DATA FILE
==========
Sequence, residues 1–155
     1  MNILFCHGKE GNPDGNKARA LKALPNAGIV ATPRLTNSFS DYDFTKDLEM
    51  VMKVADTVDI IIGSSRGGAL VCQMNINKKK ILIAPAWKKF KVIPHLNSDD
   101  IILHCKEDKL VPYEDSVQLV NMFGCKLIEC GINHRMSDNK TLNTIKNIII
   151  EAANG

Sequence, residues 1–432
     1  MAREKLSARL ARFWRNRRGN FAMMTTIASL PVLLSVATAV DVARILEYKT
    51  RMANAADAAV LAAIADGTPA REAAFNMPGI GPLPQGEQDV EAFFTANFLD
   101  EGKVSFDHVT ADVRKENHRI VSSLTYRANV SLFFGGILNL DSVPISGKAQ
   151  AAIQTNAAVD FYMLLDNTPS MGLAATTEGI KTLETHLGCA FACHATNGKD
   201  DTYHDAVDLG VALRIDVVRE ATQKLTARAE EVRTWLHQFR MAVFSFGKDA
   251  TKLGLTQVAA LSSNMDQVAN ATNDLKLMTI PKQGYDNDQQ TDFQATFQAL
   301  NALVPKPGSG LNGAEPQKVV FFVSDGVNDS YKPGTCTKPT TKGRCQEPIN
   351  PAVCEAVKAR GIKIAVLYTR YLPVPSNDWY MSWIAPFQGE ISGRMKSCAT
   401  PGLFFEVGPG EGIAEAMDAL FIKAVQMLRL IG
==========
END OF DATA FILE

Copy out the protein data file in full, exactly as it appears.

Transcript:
Sequence, residues 1–155
     1  MNILFCHGKE GNPDGNKARA LKALPNAGIV ATPRLTNSFS DYDFTKDLEM
    51  VMKVADTVDI IIGSSRGGAL VCQMNINKKK ILIAPAWKKF KVIPHLNSDD
   101  IILHCKEDKL VPYEDSVQLV NMFGCKLIEC GINHRMSDNK TLNTIKNIII
   151  EAANG

Sequence, residues 1–432
     1  MAREKLSARL ARFWRNRRGN FAMMTTIASL PVLLSVATAV DVARILEYKT
    51  RMANAADAAV LAAIADGTPA REAAFNMPGI GPLPQGEQDV EAFFTANFLD
   101  EGKVSFDHVT ADVRKENHRI VSSLTYRANV SLFFGGILNL DSVPISGKAQ
   151  AAIQTNAAVD FYMLLDNTPS MGLAATTEGI KTLETHLGCA FACHATNGKD
   201  DTYHDAVDLG VALRIDVVRE ATQKLTARAE EVRTWLHQFR MAVFSFGKDA
   251  TKLGLTQVAA LSSNMDQVAN ATNDLKLMTI PKQGYDNDQQ TDFQATFQAL
   301  NALVPKPGSG LNGAEPQKVV FFVSDGVNDS YKPGTCTKPT TKGRCQEPIN
   351  PAVCEAVKAR GIKIAVLYTR YLPVPSNDWY MSWIAPFQGE ISGRMKSCAT
   401  PGLFFEVGPG EGIAEAMDAL FIKAVQMLRL IG